The Freshman Class was by far the largest, and no faculty sponsor was listed. Members pictured included Dartha Morgan, Josephine Miller, Ellen Jackson, Cora Bowling, Sarah Penland, Anna Joe Cook, Maggie Roberts, Blanche Hunter, Audrey Akins, Sara Nell Conley, Lillian Moss, Madeline Shuler, Lorraine Ash, Julia Jackson, Eugene Truelove, Mrs. Jim Parker (Could she have been the class sponsor? She was not pictured with the faculty), Lillian Tarpley, Nell Nicholson, Anna Belle Brackett, Ruby Morgan, Ruth Lance, Robert Stephens, Dewey Raper, Rufus Bullock, Luther Brown, Edward Jones, Nell Collins, A. J. Ledford, Ervin Dyer, Ford Burns, Garnett Davenport, Kelley McGlamery, John Berry, Randall Mason, Cecil Hamby and Eugene Colwell.

I sent a copy of the 1936 “The Pioneer” to the Union County Historical Society Museum where those interested may go to read it. I also sent a copy to Mrs. Dora Hunter Allison Spiva, sponsor of the Class of 1936 and of “The Pioneer.” As is typical of this unusual teacher, now a centenarian, she thanked me profusely and wrote, “I’m so fortunate the Lord called me to be a teacher. I was fortunate to have a part of my life spent with so many lovely, smart, good students. I have so many good memories of my teaching days with lovely kids.”

I also sent a copy to Barbara Ruth Nicholson Collins Sampson, daughter of Dr. and Mrs. James M. Nicholson (he was principal [called superintendent] and English teacher and his wife was Home Economics teacher). Barbara had never before seen a copy of “The Pioneer” and was extremely grateful to receive it. She filled me in with many details of persons in the senior class and what became of them.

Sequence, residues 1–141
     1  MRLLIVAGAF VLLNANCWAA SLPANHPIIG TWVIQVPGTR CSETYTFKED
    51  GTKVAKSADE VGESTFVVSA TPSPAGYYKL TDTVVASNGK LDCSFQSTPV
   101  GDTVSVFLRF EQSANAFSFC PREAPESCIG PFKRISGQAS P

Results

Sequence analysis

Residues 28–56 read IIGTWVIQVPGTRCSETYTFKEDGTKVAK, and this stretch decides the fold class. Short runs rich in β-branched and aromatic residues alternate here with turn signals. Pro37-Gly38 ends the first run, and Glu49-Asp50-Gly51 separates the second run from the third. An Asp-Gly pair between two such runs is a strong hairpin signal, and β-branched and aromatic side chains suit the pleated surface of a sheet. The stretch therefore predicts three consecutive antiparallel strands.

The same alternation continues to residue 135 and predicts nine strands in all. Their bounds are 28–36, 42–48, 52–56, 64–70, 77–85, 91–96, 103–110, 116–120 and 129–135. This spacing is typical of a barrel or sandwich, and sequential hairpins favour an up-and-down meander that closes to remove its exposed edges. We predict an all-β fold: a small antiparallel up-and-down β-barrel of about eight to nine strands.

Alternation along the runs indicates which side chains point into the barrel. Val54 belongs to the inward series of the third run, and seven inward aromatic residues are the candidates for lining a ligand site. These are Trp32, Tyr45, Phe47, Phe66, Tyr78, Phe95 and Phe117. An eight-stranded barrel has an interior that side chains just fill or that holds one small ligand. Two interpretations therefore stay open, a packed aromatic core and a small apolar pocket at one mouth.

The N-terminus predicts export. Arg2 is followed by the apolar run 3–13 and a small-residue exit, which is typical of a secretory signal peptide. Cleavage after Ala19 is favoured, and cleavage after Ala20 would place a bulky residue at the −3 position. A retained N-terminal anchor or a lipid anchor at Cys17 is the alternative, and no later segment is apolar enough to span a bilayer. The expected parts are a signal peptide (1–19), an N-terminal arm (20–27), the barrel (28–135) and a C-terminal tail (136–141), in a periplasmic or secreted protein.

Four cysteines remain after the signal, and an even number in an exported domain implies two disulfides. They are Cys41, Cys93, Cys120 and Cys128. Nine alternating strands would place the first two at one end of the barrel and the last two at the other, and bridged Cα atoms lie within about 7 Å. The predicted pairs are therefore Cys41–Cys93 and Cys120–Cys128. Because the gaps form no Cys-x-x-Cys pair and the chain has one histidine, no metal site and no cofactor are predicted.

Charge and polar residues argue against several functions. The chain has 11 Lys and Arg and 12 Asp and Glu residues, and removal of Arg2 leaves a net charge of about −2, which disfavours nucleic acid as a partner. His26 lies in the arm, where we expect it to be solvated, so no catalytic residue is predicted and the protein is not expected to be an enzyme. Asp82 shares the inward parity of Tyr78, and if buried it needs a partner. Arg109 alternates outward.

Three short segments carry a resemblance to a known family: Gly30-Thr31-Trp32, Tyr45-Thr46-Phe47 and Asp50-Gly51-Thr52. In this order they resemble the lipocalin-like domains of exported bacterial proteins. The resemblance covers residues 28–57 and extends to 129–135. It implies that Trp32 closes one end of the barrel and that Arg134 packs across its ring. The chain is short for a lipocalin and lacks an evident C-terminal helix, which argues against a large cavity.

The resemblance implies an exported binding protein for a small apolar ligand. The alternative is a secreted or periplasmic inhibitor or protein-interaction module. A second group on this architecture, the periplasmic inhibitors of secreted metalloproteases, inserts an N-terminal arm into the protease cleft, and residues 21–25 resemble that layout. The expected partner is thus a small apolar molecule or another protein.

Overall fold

In the faculty picture were six teachers: Mrs. Allison (mathematics), Dr. and Mrs. Nicholson (English and Home Economics), Mrs. Frank Shuler (Biology and Latin), Mrs. W. C. Hughes (History), and Mr. Clarlence Shuler (Typewriting). Of the six, five were still teaching at Union County High some of the time when I was a student there from 1943-1947. Typing was not offered during my years there, and Mr. Clarence Shuler had gone on to other pursuits. I count it a great honor to have studied under the other five, although their areas of instruction had changed and several other faculty members had been added by the 1940s.

To close out this series from “The Pioneer,” I will end with a portion of Mrs. Frank (Gertrude) Shuler’s message to the Class of 1936. She reminded them that all of life would not be “ease and pleasure, and you’d be no good if it were.” On finding their life work, she advised, “Even though all places of service seem to be overcrowded, remember this: there’s always room at the top, but it isn’t a ‘Rest Room.’ ”

Mrs. Shuler ended her message by quoting from poet Edgar A. Guest’s “My Creed.” This seems to be the best way to end this series from a delightful look back at 1936:

To live as gently as I can,
To be, no matter where, a man;
To take what comes of good or ill;
And cling to faith and honor still;
To do my best and let that stand*
And then should failure come to me,
Still work and hope for victory.
To have no secret place where-in
I stoop unforeseen to shame and sin.
To be the same when I’m alone
As when my every deed is known.
To live undoubted, unafraid
Of any step that I have made;
To be without pretense or sham,
Being just what men think I am.
To leave some simple work behind;
To keep my having lived in mind.
If enmity I ought to show,
To be an honest, generous foe.
To play my little part nor whine,
That great honors are not mine.”
[*The next line seems to have been omitted here to keep rhyming sequence in order in the two-line pattern of the verse. I could not readily find a copy of Guest’s poem to check for the missing line. –EDJ]

c2005 by Ethelene Dyer Jones; published July 28, 2005 in The Union Sentinel, Blairsville, GA. Reprinted by permission. All rights reserved.